Sneezing, runny nose, congestion, wheezing, inflamed eyes, skin irritation: None of these is an ideal reaction to have when playing with an adorable puppy. As many as three in 10 allergy sufferers in the United States are sensitive to cats and dogs, according to The Asthma and Allergy Foundation of America—an unfortunate prognosis for any animal lover.
Allergies are the result of oversensitive immune systems, which can be triggered by a pet’s dander, urine, or saliva to bring on allergic reactions. In addition, pet hair—which in and of itself is not an allergen—can transport other allergens such as pollen. Because of this, some people may believe they have a pet allergy when it is the dust or pollen on a pet’s coat that is triggering an allergic reaction. Pet allergens are easy to transfer on clothes, which is why some homes that have never had pets in them can still have pet allergens. Allergens can also stick around for months or years on upholstery, carpets, or any other home fabrics.
Luckily, allergies don’t have to prevent you from joining the 65% of American households with a pet at home. Yes, there are allergy shots, nasal sprays, and antihistamine pills that can all help minimize the symptoms of pet allergies, but a more proactive approach may be seeking the right dog. To the delight of sneezing dog-lovers everywhere, the American Kennel Club has compiled a list of 23 dog breeds that are considered hypoallergenic. Though no dogs are truly 100% allergy-proof—and everyone’s allergies are different—the following breeds have non-shedding coats that produce significantly less dander. Some of them are even hairless. Stacker has listed the dogs by the American Kennel Club’s 2019 dog breed popularity rankings in the following compilation. Editor's note: There are no AKC popularity rankings for the first three dogs.
Read on to find out which hairless "Inca" dog made the list—and get excited to adopt a new furry family member.
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- Popularity rank: not ranked
Though coated Peruvian Inca orchid dogs exist, most of the breed is entirely hairless, making them a good choice for people with allergies. These dogs are sight hounds: Much like greyhounds and whippets, they have sleek, muscular bodies well-suited to running.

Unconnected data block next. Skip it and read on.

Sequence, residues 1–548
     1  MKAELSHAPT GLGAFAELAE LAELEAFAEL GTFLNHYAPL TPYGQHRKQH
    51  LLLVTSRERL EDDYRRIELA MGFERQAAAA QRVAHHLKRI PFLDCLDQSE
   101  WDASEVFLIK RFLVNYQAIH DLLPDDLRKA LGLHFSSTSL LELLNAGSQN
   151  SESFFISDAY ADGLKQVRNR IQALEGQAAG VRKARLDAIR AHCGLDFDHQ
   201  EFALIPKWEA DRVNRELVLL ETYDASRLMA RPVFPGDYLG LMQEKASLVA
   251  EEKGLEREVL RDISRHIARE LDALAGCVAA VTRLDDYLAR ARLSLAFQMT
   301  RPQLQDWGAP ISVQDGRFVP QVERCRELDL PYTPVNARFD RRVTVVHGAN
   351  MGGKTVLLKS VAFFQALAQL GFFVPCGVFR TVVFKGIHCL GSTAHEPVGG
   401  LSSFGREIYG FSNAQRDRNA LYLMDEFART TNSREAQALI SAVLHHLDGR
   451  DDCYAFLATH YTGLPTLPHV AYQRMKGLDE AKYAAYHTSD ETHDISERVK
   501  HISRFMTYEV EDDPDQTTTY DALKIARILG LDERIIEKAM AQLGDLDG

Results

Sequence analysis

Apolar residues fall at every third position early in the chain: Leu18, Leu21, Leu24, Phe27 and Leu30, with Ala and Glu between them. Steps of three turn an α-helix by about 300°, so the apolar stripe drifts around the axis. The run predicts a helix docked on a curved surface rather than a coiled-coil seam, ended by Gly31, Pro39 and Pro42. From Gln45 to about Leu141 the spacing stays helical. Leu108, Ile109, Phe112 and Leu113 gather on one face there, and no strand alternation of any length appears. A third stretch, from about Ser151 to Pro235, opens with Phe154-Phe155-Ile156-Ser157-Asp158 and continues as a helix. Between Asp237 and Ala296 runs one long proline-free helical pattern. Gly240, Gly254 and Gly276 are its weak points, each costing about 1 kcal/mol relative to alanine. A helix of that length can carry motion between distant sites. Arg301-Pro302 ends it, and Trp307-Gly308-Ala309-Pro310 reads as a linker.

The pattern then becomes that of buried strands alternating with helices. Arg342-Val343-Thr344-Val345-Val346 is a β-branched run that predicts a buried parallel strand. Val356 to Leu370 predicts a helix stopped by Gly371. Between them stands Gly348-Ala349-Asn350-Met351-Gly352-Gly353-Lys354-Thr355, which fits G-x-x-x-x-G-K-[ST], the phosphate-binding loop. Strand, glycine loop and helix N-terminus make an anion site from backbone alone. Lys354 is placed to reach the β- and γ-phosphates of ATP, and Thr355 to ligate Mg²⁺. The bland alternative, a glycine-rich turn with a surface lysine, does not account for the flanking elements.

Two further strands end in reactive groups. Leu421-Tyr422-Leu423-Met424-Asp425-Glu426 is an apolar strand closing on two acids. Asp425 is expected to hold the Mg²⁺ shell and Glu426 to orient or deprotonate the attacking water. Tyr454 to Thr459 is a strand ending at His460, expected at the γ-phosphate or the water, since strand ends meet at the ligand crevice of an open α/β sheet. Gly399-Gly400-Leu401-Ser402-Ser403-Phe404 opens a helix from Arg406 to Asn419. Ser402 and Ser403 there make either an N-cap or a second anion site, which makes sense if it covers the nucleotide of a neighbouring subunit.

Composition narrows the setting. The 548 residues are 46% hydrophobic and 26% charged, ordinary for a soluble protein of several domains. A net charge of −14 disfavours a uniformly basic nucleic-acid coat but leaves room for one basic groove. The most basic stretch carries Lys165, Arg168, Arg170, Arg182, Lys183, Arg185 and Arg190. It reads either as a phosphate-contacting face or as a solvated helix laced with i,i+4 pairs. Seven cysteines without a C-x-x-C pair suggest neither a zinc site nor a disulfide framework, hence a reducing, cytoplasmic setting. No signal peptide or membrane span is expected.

- Popularity rank: not ranked
Like the pasta dish of the same name, the Bolognese breed originates in Italy. Though Bolognese dogs have soft, fluffy coats, they don’t shed. Allergy sufferers can also ask groomers to keep the coat cropped to just one inch.
- Popularity rank: not ranked
These rustic French water dogs have dense, curly coats that are well-suited to swimming and hunting—the barbet’s original job. Calm, intelligent and amiable, these tall, sturdy dogs need regular exercise to stay at their happiest.
- Popularity rank: #170 (out of 193)
The Irish water spaniel’s tight, reddish-brown curls contrast with its long, skinny tail. These active, high-energy pups are relatively easy to train, but need plenty of daily exercise.
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- Popularity rank: #158 (out of 193)
German for “little lion,” lowchen are popular companion dogs. Just over a foot tall at the shoulder, this non-shedding dog is known for its bravery—and, of course, its tiny lion-like appearance given its mane and tail.
- Popularity rank: #151 (out of 193)
Once you see a Bedlington terrier, you won’t forget him anytime soon: This dog’s pear-shaped head, arched back, sheep-like coat and hairless ears make him instantly recognizable. Bedlingtons are energetic, charming and fun-loving—though they like cuddling up on the couch, too.
- Popularity rank: #150 (out of 193)
The fearless, animated affenpinscher are known affectionately as “monkey dogs” by owners. The terrier-like dog is under one foot tall but greatly confident—not to mention loyal and amusing.
- Popularity rank: #137 (out of 193)
This 3,000-year-old breed dates back to the time of the Aztecs, when they were revered as the companion of the gods. Allergy sufferers might revere them for another reason: The Xoloitzcuintli breed does not have any hair, so they don’t shed dander. Owners might need to apply sunscreen to the dogs before prolonged sun exposure, however.